Can't imagine the captain of any royal navy ship being allowed to do that today!

Nick B
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raflaunches

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Re: HMS Gnat- Insect class Gunboat
« Reply #34 on: February 12, 2012, 04:28:22 PM »

Hi everyone,

Its been a little while since I posted anything on this thread about the Gnat since I have been building my K boat in between projects, too many boats not enough time...

Any way I have just started again, I have started to build the additional 1inch bullet-proof splinter shields for the fore and aft 6inch gun crews.  They are made from 0.7mm plastic card sheet with 90degree angle and some 1mm square plastic rod to represent the supporting structure, the external face has four 5mm lengths of plastic rod and little 90degree angle brackets to represent the hinges as the upper part of the shields could be lowered allowing the 6inch guns to transverse without destroying parts of the gunboat.
 












The final picture shows two of the many (14 per side, I think...) gooseneck vents that litter the deck edge,  they are all from Mobile Marine tug fittings range, these are last two to be painted and glued in to the deck. 
Some of my local club members have asked to what the flaps are for in the aft superstructure, we discovered that they are air intakes!
They vary from Insect to Insect but there are usually four panels per side which are hinged to allow air flow into the engine rooms.  Some pictures show large sections of superstructure missing but my theory is that most of the sides where removable to allow some airflow in to the engine room, galley and officer of the watch's day room.
Regards,

Nick B
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Norseman

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Re: HMS Gnat- Insect class Gunboat
« Reply #35 on: February 13, 2012, 02:57:18 AM »

Hi Nick

thanks for posting up lots of photos - can't have too many I say

Dave
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roycv

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Re: HMS Gnat- Insect class Gunboat
« Reply #36 on: February 13, 2012, 10:57:49 AM »

Hello have you come across a new book called Yangtze River Gunboats 1900 - 49.
Osprey publishing in 2011. at 9.99

www.ospreypublishing.com

regards Roy
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raflaunches

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Re: HMS Gnat- Insect class Gunboat
« Reply #37 on: February 13, 2012, 11:57:03 AM »

Hi Roy

Thanks for advice, already have copy in my collection, it's an interesting book which gives an excellent insight into gunboat diplomacy and living conditions on board the boats.  The cutaway is especially helpful but not representative of the class, it's of HMS Cicalia, a rather odd-ball boat with a strange bridge structure not seen on the other Insects.  Well worth a read.

Hi Dave (Norseman)

Hoping to keep everyone interested  :-))

Nick B
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raflaunches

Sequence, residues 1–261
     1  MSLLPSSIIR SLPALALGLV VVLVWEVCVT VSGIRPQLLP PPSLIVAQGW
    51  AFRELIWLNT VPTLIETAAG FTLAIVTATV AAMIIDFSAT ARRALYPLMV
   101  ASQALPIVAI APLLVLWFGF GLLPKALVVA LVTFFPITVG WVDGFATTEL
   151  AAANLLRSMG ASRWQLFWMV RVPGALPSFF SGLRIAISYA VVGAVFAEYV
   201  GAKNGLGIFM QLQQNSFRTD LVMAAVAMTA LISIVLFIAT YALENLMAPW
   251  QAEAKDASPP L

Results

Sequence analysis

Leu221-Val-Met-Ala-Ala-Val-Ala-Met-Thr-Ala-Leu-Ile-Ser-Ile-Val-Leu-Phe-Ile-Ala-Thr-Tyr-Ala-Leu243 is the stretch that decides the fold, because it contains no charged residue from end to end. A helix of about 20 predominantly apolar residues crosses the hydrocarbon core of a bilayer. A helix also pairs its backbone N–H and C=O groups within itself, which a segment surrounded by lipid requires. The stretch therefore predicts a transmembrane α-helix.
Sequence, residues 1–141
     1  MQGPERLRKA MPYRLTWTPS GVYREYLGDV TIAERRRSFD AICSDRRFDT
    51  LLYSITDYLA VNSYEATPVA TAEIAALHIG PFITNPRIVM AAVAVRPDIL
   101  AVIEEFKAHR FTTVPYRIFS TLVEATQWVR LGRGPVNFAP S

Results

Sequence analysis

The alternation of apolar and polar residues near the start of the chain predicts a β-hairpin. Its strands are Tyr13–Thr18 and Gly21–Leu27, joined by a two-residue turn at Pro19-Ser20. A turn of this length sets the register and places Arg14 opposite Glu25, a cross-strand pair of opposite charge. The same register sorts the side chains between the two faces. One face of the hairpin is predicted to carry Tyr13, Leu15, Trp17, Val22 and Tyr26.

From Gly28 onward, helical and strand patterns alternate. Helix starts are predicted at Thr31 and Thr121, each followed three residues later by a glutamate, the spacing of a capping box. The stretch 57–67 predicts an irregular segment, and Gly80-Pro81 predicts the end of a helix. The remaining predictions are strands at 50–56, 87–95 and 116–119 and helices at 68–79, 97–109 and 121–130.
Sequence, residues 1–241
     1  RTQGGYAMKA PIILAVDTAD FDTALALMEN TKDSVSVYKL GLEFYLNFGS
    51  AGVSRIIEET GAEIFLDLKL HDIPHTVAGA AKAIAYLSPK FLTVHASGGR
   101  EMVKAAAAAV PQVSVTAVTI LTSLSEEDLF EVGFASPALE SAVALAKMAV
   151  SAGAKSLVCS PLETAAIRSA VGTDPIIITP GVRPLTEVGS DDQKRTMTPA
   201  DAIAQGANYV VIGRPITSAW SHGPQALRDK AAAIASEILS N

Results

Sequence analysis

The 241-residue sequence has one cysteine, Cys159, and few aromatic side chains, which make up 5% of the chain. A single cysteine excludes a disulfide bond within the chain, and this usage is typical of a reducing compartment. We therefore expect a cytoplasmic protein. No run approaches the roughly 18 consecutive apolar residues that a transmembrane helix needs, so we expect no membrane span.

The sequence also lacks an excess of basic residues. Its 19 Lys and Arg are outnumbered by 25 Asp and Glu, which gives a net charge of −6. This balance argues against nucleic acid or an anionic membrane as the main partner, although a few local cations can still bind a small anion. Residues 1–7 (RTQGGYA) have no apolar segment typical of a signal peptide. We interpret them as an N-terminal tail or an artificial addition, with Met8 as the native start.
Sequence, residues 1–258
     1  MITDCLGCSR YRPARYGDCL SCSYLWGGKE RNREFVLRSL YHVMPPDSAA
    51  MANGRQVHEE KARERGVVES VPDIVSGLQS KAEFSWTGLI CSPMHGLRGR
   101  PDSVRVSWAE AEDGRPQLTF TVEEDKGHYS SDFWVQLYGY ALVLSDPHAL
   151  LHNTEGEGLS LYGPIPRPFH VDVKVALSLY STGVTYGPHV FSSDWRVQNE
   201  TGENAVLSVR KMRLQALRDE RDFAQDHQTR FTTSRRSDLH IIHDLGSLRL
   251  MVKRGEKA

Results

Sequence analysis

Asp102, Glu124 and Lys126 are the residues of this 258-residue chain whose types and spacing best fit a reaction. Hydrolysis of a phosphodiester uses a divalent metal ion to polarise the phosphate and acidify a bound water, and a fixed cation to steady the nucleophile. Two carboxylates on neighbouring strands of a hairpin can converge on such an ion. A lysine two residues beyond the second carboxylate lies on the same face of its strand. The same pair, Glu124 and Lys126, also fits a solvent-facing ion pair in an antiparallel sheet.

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Re: HMS Gnat- Insect class Gunboat
« Reply #38 on: February 19, 2012, 06:34:03 PM »

Hi everyone

A quick update so far...
I have added the support stays to the port additional gun shields and secured them into place as seen in the pictures of HMS Ladybird.
The port anchor and chain has been painted and glued into place, the chain is hung in an unusual way as this was the custom for vessels on the China station to prevent the collection of dead bodies being caught on the anchor and/or chain  :o.
I will upload the pictures on Friday, until then, happy modelling.
Regards

Nick B
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Norseman

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Re: HMS Gnat- Insect class Gunboat
« Reply #39 on: February 19, 2012, 07:15:06 PM »

the chain is hung in an unusual way as this was the custom for vessels on the China station to prevent the collection of dead bodies being caught on the anchor and/or chain

It's like the old Batman series - give 'em a cliff hanger ending  :}

Dave
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Norseman

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Re: HMS Gnat- Insect class Gunboat
« Reply #40 on: February 20, 2012, 11:29:06 PM »

I didn't mean that the way it sounds ...... that would be a bit sick  {:-{
I meant I was looking forward to the next set of photos of the anchor set up  :embarrassed:
I'm sorry if anyone thought otherwise, it only just occurred to me it could be read wrongly.

Dave
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raflaunches

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Re: HMS Gnat- Insect class Gunboat
« Reply #41 on: February 21, 2012, 08:05:14 PM »

Hi Dave

Don't worry I knew what you meant!

Nick B
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raflaunches

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Re: HMS Gnat- Insect class Gunboat
« Reply #42 on: March 04, 2012, 03:12:29 PM »

Hi everyone,

Bit later than I expected to continue with the Gnat build, spent the last weekend digging out the model boat lake at Wicksteed Park!
Any way, as promised some more pictures so far... (especially for Norseman)...







As mentioned earlier in this build, the anchor and anchor chain were hung very high to prevent dead bodies collecting in them!
Pictures of the Insects still show that the anchors were positioned this way though out the war.













The pictures above shows the newly positioned searchlight on the upper bridge, it was originally built in the crows nest but after the upper mast was cut down it had to be moved back to the WW1 position!  The searchlight itself is from Reade Plastics whilst the body is a dis-used superglue lid/cap, the little wheels are from a fantastic fittings supplier called Modelling Timbers who I see at the Doncaster show every year.